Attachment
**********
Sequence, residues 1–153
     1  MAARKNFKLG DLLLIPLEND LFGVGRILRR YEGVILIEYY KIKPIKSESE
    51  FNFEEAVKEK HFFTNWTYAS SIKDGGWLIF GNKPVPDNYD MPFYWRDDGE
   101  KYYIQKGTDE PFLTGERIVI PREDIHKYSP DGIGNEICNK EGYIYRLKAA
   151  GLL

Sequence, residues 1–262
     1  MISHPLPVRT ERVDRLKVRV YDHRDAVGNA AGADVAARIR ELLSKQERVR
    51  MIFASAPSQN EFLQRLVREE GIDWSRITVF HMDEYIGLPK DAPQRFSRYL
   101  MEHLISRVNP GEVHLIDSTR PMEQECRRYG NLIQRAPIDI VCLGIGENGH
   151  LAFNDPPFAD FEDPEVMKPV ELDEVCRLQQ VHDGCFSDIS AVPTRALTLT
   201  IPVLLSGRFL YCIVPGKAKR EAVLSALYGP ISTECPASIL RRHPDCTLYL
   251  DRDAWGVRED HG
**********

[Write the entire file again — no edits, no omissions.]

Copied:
Sequence, residues 1–153
     1  MAARKNFKLG DLLLIPLEND LFGVGRILRR YEGVILIEYY KIKPIKSESE
    51  FNFEEAVKEK HFFTNWTYAS SIKDGGWLIF GNKPVPDNYD MPFYWRDDGE
   101  KYYIQKGTDE PFLTGERIVI PREDIHKYSP DGIGNEICNK EGYIYRLKAA
   151  GLL

Sequence, residues 1–262
     1  MISHPLPVRT ERVDRLKVRV YDHRDAVGNA AGADVAARIR ELLSKQERVR
    51  MIFASAPSQN EFLQRLVREE GIDWSRITVF HMDEYIGLPK DAPQRFSRYL
   101  MEHLISRVNP GEVHLIDSTR PMEQECRRYG NLIQRAPIDI VCLGIGENGH
   151  LAFNDPPFAD FEDPEVMKPV ELDEVCRLQQ VHDGCFSDIS AVPTRALTLT
   201  IPVLLSGRFL YCIVPGKAKR EAVLSALYGP ISTECPASIL RRHPDCTLYL
   251  DRDAWGVRED HG